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Are 'Housewives' legal woes ratings gold?

  • David Caplan in an entertainment journalist
  • He says 'despite its unsavory nature,' Teresa and Joe Giudice's increased visibility will bring in cash
  • And he adds that the money-making opportunities won't stop at higher ratings for the show
Are 'Housewives' legal woes ratings gold?
David Caplan headshot

Editor’s note: David Caplan is an entertainment journalist and the founder of Previously, he was a senior editor at People magazine and has worked at publications like Us Weekly, Star Magazine and He is on Twitter.

“The Real Housewives of New Jersey” never disappoints: Week after week, the show is full of foul-mouthed fights, shocking displays of crass and crude behavior, and plenty of accusations of adultery and other sexual improprieties. While the entire “Housewives” franchise celebrates this sort of dysfunction, the New Jersey series is truly in a category of its own.

Defined by such over-the-top antics, “RHONJ” is no stranger to skeptics questioning its authenticity. But the morning after the ninth episode of the show’s fifth season aired, the drama got all too real for self-perceived punching bag Teresa Giudice and her teddy bear of a husband, Joe.

The couple was charged in a 39-count indictment, including conspiracy to commit mail and wire fraud, bank fraud, and bankruptcy fraud. Plus, Joe is accused of not filing tax returns from 2004 to 2008. Oh, and Italian-born Joe isn’t a U.S. citizen and faces possible deportation.

The couple was released on a $500,000 bond each and is prohibited from leaving New Jersey or New York.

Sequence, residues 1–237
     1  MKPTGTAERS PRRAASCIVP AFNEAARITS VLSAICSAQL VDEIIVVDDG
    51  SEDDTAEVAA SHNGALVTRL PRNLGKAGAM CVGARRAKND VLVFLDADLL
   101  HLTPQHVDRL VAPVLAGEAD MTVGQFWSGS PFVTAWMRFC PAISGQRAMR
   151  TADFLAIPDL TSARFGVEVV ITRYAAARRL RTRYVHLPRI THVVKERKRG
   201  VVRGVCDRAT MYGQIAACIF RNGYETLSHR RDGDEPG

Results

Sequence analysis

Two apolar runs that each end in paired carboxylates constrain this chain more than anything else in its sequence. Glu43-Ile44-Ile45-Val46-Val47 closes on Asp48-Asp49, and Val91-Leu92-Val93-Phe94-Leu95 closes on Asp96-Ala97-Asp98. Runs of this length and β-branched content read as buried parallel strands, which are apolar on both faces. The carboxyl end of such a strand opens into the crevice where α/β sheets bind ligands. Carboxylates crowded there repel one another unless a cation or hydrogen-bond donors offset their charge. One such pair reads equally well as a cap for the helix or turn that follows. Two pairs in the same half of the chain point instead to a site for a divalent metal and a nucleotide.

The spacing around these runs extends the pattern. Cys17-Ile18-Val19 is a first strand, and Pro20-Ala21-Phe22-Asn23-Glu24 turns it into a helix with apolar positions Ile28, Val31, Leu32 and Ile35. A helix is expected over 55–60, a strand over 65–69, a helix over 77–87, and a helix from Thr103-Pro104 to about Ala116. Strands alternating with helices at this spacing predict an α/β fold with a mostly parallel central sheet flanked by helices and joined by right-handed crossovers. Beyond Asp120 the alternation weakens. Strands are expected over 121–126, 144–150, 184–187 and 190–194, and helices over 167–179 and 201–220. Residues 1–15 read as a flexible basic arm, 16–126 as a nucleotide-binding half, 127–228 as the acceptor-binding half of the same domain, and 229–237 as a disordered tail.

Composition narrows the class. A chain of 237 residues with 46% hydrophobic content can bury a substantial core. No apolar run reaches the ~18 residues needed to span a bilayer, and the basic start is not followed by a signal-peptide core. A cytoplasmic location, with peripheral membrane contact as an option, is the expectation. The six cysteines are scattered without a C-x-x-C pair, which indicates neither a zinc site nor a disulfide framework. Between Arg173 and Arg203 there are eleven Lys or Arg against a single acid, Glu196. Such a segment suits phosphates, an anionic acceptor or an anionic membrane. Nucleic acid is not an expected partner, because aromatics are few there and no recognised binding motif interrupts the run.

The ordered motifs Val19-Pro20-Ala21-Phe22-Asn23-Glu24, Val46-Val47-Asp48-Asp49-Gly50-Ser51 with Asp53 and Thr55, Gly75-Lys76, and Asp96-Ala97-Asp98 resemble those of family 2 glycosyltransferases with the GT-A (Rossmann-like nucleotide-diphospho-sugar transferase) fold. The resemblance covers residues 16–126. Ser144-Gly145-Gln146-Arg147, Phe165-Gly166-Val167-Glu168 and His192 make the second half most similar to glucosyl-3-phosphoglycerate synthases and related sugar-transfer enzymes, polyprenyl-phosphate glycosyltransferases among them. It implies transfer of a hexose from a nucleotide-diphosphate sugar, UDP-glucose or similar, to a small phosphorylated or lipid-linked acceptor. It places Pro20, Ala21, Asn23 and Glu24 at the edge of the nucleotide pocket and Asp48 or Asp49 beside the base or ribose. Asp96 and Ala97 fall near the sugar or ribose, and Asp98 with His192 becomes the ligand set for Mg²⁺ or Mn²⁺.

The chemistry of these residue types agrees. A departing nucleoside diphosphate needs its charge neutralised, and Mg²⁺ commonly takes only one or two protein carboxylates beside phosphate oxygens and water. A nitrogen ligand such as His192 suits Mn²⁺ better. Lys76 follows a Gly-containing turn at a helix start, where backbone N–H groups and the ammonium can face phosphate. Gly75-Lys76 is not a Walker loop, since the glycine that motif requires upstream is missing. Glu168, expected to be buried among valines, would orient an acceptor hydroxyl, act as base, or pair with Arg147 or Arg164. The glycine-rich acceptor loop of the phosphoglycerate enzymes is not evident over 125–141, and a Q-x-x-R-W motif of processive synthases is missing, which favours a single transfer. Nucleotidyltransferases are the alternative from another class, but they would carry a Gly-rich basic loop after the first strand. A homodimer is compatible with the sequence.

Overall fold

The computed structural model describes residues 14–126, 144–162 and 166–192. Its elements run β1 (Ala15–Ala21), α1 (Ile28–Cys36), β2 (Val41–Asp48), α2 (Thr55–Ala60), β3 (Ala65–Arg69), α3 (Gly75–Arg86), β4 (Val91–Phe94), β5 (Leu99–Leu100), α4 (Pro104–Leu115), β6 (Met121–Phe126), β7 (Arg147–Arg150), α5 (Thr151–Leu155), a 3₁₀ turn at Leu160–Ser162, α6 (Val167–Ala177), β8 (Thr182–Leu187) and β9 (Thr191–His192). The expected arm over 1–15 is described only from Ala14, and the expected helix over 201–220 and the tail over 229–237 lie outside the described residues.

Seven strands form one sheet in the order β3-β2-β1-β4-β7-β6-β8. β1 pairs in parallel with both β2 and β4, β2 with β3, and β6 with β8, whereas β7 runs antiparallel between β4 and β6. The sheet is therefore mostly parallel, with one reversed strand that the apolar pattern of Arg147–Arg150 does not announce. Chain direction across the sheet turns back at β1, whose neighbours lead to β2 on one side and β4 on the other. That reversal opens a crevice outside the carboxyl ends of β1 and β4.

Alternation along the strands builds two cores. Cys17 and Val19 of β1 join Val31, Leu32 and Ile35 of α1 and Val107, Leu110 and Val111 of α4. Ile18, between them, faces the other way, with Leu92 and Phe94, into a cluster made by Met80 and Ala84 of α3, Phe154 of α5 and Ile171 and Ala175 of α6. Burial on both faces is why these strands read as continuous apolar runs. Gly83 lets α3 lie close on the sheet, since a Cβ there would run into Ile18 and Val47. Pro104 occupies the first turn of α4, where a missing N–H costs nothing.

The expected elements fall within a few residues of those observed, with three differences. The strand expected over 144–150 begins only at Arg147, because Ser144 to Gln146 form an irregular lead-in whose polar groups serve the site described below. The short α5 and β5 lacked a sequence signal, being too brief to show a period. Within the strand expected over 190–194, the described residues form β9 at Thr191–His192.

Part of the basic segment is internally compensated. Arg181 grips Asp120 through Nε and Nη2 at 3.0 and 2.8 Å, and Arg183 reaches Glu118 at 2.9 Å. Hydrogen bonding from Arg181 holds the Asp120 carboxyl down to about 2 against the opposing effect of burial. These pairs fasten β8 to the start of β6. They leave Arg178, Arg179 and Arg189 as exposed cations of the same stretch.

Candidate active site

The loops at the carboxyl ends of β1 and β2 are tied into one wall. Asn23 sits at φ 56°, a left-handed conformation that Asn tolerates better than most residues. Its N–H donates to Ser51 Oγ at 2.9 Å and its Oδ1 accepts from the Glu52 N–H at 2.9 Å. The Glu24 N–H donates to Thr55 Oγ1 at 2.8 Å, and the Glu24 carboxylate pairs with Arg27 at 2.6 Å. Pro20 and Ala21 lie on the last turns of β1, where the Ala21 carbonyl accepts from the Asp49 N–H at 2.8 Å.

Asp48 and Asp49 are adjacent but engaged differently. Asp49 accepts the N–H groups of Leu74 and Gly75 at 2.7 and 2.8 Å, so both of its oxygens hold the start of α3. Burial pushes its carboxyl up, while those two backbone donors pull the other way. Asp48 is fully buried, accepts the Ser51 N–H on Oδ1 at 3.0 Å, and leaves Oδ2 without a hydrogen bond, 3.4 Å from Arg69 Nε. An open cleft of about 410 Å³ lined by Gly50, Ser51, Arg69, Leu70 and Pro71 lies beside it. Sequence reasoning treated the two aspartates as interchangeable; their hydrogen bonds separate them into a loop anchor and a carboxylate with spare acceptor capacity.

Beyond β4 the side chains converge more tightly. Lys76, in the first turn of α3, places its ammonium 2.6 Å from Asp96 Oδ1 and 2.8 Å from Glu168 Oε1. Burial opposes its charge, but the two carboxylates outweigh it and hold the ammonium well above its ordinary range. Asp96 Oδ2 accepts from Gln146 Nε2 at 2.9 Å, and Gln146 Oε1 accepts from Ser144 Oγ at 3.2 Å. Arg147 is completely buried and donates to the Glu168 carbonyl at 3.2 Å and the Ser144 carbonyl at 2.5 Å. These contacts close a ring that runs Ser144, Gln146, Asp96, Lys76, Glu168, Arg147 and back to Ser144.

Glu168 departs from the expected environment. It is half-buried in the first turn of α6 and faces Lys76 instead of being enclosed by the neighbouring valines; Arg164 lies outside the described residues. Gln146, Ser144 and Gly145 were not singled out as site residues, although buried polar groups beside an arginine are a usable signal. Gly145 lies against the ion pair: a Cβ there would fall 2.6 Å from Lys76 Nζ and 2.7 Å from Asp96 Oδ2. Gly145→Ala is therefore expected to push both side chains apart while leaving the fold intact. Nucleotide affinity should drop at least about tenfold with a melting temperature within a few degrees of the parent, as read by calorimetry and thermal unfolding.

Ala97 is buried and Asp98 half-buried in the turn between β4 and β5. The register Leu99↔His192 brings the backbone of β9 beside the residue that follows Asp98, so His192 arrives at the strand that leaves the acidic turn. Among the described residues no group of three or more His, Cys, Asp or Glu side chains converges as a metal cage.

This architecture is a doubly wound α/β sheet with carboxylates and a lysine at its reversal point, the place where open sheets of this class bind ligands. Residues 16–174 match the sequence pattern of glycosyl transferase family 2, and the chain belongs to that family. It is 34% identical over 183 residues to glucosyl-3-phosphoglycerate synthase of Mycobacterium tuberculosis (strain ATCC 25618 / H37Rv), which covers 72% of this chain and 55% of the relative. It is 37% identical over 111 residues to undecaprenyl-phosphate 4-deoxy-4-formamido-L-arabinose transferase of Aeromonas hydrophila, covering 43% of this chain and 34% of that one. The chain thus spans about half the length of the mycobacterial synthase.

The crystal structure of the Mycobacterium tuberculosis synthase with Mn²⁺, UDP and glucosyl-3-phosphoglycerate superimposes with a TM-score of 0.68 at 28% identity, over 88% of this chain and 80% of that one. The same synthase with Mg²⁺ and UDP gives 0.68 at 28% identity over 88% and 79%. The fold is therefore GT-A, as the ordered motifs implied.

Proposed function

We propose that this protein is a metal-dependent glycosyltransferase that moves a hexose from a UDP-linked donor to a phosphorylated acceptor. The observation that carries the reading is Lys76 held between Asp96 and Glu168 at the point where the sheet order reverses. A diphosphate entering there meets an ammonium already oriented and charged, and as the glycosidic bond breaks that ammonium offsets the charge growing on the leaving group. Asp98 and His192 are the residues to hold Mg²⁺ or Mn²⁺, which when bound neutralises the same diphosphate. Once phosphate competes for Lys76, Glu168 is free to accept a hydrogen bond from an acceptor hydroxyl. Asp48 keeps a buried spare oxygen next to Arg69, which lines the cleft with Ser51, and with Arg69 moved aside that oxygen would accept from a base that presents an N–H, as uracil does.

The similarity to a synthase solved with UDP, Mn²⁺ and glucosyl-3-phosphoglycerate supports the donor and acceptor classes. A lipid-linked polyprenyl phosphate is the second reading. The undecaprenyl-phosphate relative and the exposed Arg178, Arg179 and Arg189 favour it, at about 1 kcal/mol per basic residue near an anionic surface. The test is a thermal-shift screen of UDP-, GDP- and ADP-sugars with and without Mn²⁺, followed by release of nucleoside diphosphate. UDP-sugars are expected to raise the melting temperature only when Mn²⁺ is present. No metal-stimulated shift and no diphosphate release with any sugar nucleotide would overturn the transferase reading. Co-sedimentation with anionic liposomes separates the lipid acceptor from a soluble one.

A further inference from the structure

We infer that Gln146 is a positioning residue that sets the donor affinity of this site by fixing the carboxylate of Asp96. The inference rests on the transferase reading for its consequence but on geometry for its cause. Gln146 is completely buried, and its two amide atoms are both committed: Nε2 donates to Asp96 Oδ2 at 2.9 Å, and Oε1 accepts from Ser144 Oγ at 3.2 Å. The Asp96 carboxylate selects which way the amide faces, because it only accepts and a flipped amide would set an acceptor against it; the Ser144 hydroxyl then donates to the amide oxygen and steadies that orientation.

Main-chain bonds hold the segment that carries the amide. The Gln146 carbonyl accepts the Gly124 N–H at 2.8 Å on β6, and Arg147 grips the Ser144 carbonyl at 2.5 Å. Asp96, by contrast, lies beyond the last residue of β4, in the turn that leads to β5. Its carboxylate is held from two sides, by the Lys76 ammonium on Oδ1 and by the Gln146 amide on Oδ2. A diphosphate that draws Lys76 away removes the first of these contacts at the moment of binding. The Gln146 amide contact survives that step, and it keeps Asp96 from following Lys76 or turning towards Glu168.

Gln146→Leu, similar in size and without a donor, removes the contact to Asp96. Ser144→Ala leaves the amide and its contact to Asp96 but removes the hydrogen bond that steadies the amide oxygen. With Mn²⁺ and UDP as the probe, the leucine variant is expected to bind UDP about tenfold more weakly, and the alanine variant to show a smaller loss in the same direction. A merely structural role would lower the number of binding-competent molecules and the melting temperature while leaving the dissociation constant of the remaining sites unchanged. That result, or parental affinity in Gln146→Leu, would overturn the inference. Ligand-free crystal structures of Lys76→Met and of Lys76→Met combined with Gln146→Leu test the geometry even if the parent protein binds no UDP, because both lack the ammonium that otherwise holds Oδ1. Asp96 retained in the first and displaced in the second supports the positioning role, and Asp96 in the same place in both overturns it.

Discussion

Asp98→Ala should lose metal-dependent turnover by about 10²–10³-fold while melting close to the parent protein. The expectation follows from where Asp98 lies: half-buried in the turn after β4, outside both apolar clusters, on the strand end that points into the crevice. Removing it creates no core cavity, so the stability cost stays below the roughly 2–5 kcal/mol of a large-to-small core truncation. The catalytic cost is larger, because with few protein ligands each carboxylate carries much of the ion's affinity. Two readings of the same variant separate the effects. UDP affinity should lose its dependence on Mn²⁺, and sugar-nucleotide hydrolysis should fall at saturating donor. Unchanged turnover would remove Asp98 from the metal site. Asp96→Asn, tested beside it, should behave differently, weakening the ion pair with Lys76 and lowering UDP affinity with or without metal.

“They’re serious charges,” U.S. Attorney Paul Fishman said of the allegations against the Giudices.

You don’t say.

While this is bad news — from a legal standpoint — for Teresa and Joe, is it equally as devastating for the show? No way. The show exists and thrives because of such drama, although the drama usually takes place on-screen.

Just look at the ratings for the July 21 episode, during which the Giudices got into a physical, violent fight with Melissa and Joe Gorga (um, their family). That episode snagged 2.8 million total viewers and 1.6 million viewers in the lucrative, advertiser-friendly 18-49 demographic, making Bravo the No. 1 cable network in the 8 p.m. timeslot.

And when co-star Jacqueline Laurita visited Andy Cohen’s “Watch What Happens Live” that night to talk about the episode’s antics, it ended up being the highest-rated episode of that show so far this season. Teresa and Joe themselves are also ratings gold: Last year’s season premiere of “WWHL” featured the couple and, at the time, it was the most-watched “WWHL” episode ever.

This latest off-screen scandal has only created a new cottage industry of friends, co-stars, and various detractors and supporters speaking to the press about their take on the charges, which is great for the show. It keeps the buzz going and further drives interest in the franchise and, ultimately, ratings.

Teresa’s friend Kim DePaola, for example, spoke “exclusively” to Us Weekly this week, saying, "Knowing Teresa as well as I know her, and I think I know her, I don't think she would ever willingly do any of this.”

Added Teresa’s rival Kim “Kim G” Granatell to The New York Post, “I’ve been waiting for this for a long time.”

Between the ratings boon this scandal will undoubtedly mean for the show, as well as the increased visibility and cultural relevance of Teresa and Joe (despite its unsavory nature), this opens up a slew of new money-generating opportunities for the embattled couple. Since the Giudices are so much more interesting now, a spin-off wouldn’t be unexpected. Then there are the sit-down TV interviews they’ll likely be offered by shows outside the traditional entertainment newsmagazine genre.

The Giudice brand is only stronger now. It might not be a brand that represents values inherent to most Americans, but it’s a money-making brand nonetheless.

And while it may seem tough for them to take advantage of the situation, considering they face 30-plus years in prison, there’s an uneasy precedence of many celebs never seeing the inside of a prison cell, or at least not for anywhere near that length of time.

So get ready for those Nielsen boxes to explode!

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